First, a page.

The news that Hungary will move its embassy to Jerusalem next month, the first European country to do so, is a boost with a sting in its tail. Viktor Orban, the populist Hungarian premier, has been a Bibi ally since he took office in 2010, blocking efforts to issue anti-Israel statements in the EU, and this gesture is the latest on his pro-Netanyahu record.

But Orban’s efforts to curb Hungarian judiciary and media independence have been controversial. Bibi will not welcome the parallels being drawn between Orban’s anti-judiciary moves and his own government’s attempts to cut the Israeli courts down to size. Amidst his domestic worries, however, the embassy move is a reminder that for all his faults, Bibi remains Israel’s foremost statesman.

The Lockdown Files

Some 100,000 leaked WhatsApp messages from the heart of pandemic-era British government reopened the juicy and exceedingly ugly can of worms labeled “The handling of COVID-19.” They exposed truths hitherto suspected, now proven.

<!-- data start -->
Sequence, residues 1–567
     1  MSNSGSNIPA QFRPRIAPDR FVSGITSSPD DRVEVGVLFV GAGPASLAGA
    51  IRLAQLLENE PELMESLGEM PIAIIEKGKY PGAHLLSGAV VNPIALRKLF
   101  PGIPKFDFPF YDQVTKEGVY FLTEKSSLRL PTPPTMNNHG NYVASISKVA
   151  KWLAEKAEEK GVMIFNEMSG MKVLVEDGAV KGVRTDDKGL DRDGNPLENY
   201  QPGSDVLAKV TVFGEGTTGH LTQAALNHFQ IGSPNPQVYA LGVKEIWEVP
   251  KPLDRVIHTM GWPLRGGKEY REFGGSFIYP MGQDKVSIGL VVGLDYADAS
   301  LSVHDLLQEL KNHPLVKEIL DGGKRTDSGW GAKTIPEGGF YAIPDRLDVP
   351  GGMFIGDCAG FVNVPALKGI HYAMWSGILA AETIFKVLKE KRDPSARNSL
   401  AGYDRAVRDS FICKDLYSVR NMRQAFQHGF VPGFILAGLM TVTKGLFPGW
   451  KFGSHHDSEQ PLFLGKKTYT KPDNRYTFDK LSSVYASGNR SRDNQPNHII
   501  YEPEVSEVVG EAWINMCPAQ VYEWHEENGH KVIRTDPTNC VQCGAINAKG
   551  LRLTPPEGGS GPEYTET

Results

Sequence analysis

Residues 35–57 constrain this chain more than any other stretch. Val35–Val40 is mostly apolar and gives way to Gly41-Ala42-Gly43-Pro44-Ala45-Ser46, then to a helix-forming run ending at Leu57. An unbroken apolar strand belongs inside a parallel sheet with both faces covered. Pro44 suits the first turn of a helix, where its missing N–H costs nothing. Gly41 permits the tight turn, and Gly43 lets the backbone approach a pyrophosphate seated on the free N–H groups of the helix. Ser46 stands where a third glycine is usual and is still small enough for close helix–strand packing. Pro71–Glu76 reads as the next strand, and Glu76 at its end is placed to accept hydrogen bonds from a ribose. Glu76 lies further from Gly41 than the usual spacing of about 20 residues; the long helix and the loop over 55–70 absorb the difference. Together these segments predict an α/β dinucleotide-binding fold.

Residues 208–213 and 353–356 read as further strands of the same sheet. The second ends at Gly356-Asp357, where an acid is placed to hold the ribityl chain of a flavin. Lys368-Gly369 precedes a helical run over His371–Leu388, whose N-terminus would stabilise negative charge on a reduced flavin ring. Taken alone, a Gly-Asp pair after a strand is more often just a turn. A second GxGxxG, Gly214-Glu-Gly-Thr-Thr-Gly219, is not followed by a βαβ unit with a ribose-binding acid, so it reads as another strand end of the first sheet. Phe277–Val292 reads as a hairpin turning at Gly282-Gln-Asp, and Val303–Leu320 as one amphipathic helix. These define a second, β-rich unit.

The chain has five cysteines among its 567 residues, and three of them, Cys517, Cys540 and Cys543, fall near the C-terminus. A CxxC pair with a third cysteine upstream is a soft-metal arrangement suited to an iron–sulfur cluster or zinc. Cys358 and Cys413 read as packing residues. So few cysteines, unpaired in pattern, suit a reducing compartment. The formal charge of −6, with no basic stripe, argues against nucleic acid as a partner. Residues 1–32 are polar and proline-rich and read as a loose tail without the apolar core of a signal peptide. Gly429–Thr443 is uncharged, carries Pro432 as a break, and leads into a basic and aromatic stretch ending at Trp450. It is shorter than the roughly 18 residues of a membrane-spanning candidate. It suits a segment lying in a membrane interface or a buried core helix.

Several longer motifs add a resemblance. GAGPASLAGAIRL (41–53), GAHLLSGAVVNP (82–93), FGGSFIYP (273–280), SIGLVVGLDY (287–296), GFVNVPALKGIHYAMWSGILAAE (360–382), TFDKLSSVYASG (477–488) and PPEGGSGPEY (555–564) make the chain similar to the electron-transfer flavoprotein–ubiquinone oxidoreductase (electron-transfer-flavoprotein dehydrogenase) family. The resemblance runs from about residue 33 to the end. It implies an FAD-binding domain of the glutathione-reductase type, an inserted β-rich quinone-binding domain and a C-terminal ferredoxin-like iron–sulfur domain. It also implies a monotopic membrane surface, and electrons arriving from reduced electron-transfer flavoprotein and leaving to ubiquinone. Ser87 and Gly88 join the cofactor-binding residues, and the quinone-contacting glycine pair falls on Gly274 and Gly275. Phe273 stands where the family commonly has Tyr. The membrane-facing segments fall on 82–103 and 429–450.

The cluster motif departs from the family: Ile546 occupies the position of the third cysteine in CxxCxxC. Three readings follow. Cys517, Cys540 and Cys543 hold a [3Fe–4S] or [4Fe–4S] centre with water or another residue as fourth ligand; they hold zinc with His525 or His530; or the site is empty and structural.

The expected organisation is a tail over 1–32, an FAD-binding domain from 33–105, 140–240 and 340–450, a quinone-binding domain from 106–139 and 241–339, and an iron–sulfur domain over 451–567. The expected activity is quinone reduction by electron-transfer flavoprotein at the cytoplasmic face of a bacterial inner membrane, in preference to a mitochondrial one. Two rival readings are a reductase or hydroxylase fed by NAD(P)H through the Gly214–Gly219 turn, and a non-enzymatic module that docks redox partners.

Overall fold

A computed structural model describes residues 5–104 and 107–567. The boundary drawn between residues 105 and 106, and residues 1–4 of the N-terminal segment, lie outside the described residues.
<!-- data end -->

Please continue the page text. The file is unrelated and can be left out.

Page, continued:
Boris Johnson, whose former chief aide compared him to a careening shopping trolley for his indecision, prevaricated on restrictions based on the last person he’d spoken to.

Chief civil servant Simon Case, far from being an impartial implementor of policy, gleefully anticipated seeing those affected by travel restrictions “disembarking from first class and being herded into Premier Inns.” Then-health secretary Matt Hancock ignored medical advice on care home testing and later manipulated statistics to claim he’d reached a landmark testing target.

Most alarming was how anyone — including Cabinet ministers — who questioned the efficacy of restrictions, or weighed them up against economic or educational tradeoffs, was branded a reckless libertarian. Three years on, it remains a cautionary tale of unchecked groupthink.

—Y. Davis


(Originally featured in Mishpacha, Issue 952)